Sides at odds on social infrastructure


President Biden and congressional Republicans disagree on how to define exactly what infrastructure means.

President Biden and congressional Republicans disagree on how to define exactly what infrastructure means.
Illustration by Ryan Sparrow and Getty Images

WASHINGTON – With a summer target approaching to pass an infrastructure deal with Republicans, President Joe Biden faces a dilemma over the most ambitious parts of a proposal he’s said would rival construction of the interstate highway system and the space race. 

Does he keep pushing the progressive agenda he campaigned on with a package that addresses “social infrastructure” such as caregiving, housing and climate change, or promote bipartisanship by working with Republicans on a much narrower bill focused on roads, bridges and railways?

Republicans have made it clear they won’t support any elements that go beyond physical infrastructure, something that remains a critical point of disagreement months into negotiations and as the White House signals it wants a deal soon

“We want to focus on actual infrastructure – the platforms and services that move people, goods and services through our economy,” said Sen. Pat Toomey, R-Pa., on Thursday. “That’s what people understand to be infrastructure, and we can reach an agreement if we focus on those items.”

Biden: Biden declares his ‘economic plan is working,’ pushes infrastructure plan as the next step

Republicans slammed the so-called “human infrastructure” proposal as pet liberal projects even before Biden first unveiled his American Jobs Plan in March and have kept that stance through their latest $928 trillion counteroffer released Thursday. Though that was enough to claim progress ahead of the president’s self-imposed Memorial Day benchmark for traction toward a deal, the White House is now circling the week of June 7, when Congress returns, to produce a “clear direction” on a bipartisan package.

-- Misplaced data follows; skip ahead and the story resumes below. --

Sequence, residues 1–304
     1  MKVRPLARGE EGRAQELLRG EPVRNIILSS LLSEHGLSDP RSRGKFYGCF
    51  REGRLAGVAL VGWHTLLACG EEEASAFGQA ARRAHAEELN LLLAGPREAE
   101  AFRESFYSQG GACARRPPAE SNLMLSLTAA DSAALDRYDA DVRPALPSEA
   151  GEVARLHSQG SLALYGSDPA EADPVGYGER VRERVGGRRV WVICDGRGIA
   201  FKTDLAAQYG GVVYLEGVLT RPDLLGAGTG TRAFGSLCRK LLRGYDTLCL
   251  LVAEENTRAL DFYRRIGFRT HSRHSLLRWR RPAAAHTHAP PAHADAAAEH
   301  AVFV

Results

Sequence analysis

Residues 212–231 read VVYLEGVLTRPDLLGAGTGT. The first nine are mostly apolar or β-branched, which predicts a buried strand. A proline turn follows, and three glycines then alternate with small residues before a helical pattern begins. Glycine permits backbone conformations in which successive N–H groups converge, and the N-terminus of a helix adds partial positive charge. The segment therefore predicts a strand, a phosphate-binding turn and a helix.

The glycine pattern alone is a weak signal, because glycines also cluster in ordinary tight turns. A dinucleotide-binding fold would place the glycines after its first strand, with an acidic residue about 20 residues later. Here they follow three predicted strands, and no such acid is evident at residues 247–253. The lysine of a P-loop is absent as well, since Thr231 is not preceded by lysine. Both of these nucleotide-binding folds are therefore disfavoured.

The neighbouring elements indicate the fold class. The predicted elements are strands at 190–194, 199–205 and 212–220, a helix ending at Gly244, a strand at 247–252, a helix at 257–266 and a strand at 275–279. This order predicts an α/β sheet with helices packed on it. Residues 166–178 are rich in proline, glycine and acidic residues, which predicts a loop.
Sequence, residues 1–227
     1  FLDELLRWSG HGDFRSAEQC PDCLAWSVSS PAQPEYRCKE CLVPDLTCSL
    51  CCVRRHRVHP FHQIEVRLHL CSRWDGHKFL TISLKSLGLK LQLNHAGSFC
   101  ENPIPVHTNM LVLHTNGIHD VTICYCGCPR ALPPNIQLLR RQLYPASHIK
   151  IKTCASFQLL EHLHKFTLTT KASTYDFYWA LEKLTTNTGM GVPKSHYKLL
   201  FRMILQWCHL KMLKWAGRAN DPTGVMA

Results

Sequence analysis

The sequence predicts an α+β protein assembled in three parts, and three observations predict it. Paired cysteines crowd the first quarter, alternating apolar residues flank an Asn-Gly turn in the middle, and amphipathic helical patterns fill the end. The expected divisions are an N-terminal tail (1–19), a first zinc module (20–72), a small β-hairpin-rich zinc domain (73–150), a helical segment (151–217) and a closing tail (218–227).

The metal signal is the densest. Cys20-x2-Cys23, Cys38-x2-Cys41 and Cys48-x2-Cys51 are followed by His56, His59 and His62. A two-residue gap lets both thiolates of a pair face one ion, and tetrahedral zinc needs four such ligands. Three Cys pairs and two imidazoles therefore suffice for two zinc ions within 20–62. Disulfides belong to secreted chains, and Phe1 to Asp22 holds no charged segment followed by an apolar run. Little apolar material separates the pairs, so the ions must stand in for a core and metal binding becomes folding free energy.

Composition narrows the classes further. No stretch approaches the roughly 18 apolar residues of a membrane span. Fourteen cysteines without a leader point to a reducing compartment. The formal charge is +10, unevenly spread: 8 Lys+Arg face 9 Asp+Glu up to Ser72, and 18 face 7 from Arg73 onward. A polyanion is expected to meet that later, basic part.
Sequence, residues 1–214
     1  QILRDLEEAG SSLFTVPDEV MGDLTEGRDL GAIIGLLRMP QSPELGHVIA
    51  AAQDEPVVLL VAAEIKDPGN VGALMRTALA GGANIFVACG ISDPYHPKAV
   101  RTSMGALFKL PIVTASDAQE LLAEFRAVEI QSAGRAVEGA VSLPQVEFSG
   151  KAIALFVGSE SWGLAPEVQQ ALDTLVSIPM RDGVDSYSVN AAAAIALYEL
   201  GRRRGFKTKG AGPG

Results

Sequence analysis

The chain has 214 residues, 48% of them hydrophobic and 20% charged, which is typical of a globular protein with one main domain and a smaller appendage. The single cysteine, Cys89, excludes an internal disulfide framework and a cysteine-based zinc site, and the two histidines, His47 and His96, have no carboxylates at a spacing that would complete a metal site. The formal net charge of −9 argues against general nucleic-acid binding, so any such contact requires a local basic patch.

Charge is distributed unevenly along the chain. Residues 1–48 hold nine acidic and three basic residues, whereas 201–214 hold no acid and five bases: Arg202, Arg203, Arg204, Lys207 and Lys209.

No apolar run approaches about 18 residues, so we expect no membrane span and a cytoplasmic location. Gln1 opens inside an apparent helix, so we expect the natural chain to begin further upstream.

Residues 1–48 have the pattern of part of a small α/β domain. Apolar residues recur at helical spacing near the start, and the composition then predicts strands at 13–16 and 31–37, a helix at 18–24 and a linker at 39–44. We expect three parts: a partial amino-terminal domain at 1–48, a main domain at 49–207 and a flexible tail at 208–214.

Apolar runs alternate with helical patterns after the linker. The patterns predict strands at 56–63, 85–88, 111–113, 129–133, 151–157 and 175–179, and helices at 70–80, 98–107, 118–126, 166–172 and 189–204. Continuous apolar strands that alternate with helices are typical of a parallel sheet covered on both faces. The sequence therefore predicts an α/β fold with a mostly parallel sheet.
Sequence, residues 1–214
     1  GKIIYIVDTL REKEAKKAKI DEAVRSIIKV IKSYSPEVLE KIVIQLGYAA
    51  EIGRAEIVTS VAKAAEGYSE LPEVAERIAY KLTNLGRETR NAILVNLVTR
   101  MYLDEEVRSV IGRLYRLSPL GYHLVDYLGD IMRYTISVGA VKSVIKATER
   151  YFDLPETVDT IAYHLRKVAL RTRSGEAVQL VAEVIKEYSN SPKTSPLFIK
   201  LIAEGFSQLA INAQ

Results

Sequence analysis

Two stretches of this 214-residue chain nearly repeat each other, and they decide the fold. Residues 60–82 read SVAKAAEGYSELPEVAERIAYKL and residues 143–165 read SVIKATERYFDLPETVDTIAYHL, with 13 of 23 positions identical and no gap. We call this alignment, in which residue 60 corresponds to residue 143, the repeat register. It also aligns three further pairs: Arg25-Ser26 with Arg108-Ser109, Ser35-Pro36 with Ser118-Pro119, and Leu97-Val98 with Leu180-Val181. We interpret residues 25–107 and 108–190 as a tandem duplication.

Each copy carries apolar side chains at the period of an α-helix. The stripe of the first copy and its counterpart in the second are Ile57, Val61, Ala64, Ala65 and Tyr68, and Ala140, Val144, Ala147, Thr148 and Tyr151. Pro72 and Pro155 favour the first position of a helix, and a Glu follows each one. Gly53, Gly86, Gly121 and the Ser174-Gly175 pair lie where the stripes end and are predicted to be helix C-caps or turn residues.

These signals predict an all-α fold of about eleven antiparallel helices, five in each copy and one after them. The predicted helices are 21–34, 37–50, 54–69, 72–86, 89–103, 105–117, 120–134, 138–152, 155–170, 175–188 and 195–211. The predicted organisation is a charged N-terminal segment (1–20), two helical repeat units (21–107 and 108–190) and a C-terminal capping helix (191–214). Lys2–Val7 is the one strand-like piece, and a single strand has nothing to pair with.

“We’re going to have to close this down soon,” Biden said Thursday as the White House expressed encouragement over the new GOP proposal.

Heading into the holiday break, Democratic senators reiterated Biden’s call for an infrastructure package that goes beyond bridges and roads.

Elevated tracks in Philadelphia in March 2021.

Elevated tracks in Philadelphia in March 2021.
Matt Rourke/AP

Senate Majority Leader Chuck Schumer, D-N.Y
We must pass comprehensive jobs and infrastructure legislation this summer. The American people gave us a Democratic Senate to produce big and bold change on the major issues confronting us and that is what we are doing.

“We must pass comprehensive jobs and infrastructure legislation this summer,” Senate Majority Leader Chuck Schumer, D-N.Y., told reporters Friday. “The American people gave us a Democratic Senate to produce big and bold change on the major issues confronting us and that is what we are doing.”

Democrats and activists don’t want Biden to cave, saying he should move ahead – without Republicans if necessary – to achieve the ambitious agenda they believe won them Congress and the White House. 

GOP offer: GOP senators pitch new $928 billion infrastructure plan in latest offer to Biden

Ellen Sciales with the progressive Sunrise Movement urged Biden not to “cower to Republicans,” noting not a single one voted for the COVID-19 relief package in March.

And Sen. Kirsten Gillibrand said the country’s post-pandemic phase needs the government to spend money improving day care, education and other elements of the “care economy.”

“Without those pieces, you’re not gonna be able to recover the economy,” she said. “So I think it’s a mistake to proceed in a small way, when the moment is demanding a robust response to the economic collapse due to COVID.”